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< 10pt; line-height: 12pt;text-align: left; ">Visitors drive by history when passing through Coral Gables’ MacFarlane Homestead Historic District. The cottages dotting the streets tucked along U.S. 1 bordering the West Grove once housed Bahamian natives whose ancestors built the Gables and adjacent Coconut Grove.

At a time when the rich history of the West Grove — recently renamed Little Bahamas — is being bulldozed by developers rebuilding modern, expensive houses, one Miami transplant acquired four cottages in the area with the sole purpose of restoring and preserving local Black history.

Fabio Riberio acquired the 1938 cottages at 4614 Brooker St., in July from Greater St. Paul African Methodist Episcopal Church, one of the oldest Grove churches dating to the 1890s. After dropping $789,400 in cash, Riberio became the owner of the railroad-style houses. Like a railroad car, these 700-square-foot residences have a narrow corridor that runs from the front door, past the living quarters on the left side — a living room, then two bedrooms and finally a bathroom — and lead to a kitchen in the back of the house.

Having survived some of South Florida’s worst natural disasters like Hurricane Andrew in 1992, the houses remain standing — with termite damage, deteriorating roofs and blistered pillars posted on concrete porches. Where some might see a money pit, Riberio deems the cottages’ restoration his legacy project.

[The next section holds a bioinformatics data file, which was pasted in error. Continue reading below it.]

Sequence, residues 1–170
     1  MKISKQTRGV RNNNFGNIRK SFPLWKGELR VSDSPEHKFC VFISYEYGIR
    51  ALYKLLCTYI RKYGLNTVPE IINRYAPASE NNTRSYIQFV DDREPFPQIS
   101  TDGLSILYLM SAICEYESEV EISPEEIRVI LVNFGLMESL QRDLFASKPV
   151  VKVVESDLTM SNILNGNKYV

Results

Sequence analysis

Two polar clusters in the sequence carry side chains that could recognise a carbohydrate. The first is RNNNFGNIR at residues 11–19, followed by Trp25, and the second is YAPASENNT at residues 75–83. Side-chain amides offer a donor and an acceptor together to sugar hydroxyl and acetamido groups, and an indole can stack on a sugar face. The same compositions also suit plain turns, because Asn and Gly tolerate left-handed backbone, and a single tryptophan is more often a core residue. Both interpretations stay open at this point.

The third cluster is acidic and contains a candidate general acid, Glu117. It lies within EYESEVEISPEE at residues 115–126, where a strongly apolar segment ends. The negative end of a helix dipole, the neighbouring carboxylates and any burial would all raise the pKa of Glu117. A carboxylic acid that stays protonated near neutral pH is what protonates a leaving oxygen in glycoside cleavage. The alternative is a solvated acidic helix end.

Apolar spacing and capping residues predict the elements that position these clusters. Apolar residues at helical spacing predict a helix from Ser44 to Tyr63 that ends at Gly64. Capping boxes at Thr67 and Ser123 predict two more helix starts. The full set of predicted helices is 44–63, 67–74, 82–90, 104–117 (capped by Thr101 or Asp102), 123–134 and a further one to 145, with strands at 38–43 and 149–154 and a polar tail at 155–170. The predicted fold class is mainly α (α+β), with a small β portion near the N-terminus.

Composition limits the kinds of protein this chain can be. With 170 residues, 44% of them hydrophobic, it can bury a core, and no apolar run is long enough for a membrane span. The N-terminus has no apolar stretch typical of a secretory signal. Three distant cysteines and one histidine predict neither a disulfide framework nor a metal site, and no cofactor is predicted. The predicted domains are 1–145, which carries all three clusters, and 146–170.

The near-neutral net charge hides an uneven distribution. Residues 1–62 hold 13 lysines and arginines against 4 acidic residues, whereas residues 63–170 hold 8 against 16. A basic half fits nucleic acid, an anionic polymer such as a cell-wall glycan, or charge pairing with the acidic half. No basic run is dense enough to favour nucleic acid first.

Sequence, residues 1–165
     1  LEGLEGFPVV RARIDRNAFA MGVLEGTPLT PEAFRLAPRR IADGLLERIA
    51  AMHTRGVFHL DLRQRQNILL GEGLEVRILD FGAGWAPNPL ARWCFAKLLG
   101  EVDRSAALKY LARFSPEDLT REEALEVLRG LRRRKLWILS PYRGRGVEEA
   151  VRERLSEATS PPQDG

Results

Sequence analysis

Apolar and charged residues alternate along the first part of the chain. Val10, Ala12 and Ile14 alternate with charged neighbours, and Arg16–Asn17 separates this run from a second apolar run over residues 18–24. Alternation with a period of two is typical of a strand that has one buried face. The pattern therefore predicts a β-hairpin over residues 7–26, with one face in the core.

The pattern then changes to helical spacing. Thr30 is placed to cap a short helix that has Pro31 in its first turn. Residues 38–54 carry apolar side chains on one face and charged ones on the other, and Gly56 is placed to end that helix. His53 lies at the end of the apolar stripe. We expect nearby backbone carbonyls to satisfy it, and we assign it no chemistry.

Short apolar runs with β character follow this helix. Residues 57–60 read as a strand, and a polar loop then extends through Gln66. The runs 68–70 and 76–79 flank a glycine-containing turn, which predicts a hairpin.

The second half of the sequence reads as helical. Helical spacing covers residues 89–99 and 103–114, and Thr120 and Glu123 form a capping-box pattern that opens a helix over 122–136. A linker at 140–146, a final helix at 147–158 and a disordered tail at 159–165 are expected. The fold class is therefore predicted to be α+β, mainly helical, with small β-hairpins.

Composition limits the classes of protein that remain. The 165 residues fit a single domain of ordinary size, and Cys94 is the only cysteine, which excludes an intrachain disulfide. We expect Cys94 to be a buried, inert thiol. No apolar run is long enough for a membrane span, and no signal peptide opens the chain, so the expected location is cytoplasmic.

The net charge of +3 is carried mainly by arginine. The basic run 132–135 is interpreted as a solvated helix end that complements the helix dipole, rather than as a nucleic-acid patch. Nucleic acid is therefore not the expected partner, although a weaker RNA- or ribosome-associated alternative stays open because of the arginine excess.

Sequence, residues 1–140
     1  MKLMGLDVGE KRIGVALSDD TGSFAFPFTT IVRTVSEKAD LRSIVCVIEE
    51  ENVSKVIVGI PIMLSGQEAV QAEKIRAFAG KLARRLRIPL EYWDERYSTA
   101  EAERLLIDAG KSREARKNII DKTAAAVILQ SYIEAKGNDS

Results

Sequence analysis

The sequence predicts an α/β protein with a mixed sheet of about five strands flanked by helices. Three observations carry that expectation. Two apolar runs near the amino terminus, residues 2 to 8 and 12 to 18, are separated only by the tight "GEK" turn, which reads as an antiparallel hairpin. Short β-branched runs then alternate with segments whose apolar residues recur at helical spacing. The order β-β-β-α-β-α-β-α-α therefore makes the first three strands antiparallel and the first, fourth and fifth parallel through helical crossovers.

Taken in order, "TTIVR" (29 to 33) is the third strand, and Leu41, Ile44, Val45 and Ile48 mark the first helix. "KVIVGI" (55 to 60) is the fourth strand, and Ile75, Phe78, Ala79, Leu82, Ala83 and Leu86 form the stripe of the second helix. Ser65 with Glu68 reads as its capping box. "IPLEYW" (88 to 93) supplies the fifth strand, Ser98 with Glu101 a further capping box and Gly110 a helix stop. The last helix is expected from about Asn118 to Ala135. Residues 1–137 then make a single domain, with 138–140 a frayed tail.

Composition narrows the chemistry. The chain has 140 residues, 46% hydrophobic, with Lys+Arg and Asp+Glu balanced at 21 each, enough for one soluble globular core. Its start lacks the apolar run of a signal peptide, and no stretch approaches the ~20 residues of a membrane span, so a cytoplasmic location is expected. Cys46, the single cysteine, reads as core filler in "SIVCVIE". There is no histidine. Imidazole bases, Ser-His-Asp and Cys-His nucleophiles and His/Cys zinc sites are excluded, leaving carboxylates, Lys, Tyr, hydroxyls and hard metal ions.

“Miami lacks some history,” said the investment manager. “Everything we have we’re losing very fast. The city is doing its best, but you can’t do anything alone.”

The cottages sit in the MacFarlane district, a triangular-shaped land area acquired by George Merrick, founder of the Gables, in 1925 as a segregated neighborhood for Black workers. The district has had its share of tugs of war over proposed developments over the years, including most recently a failed Wawa gas station.

Riberio plans to meet with city officials later this month to discuss his renovation plans for the four old homes. He estimated it’ll cost him $800,000 to fully restore the houses. Once he completes the work, Riberio hopes to retain the one remaining tenant and find renters for the other three cottages, saving one house for an artist in residence.

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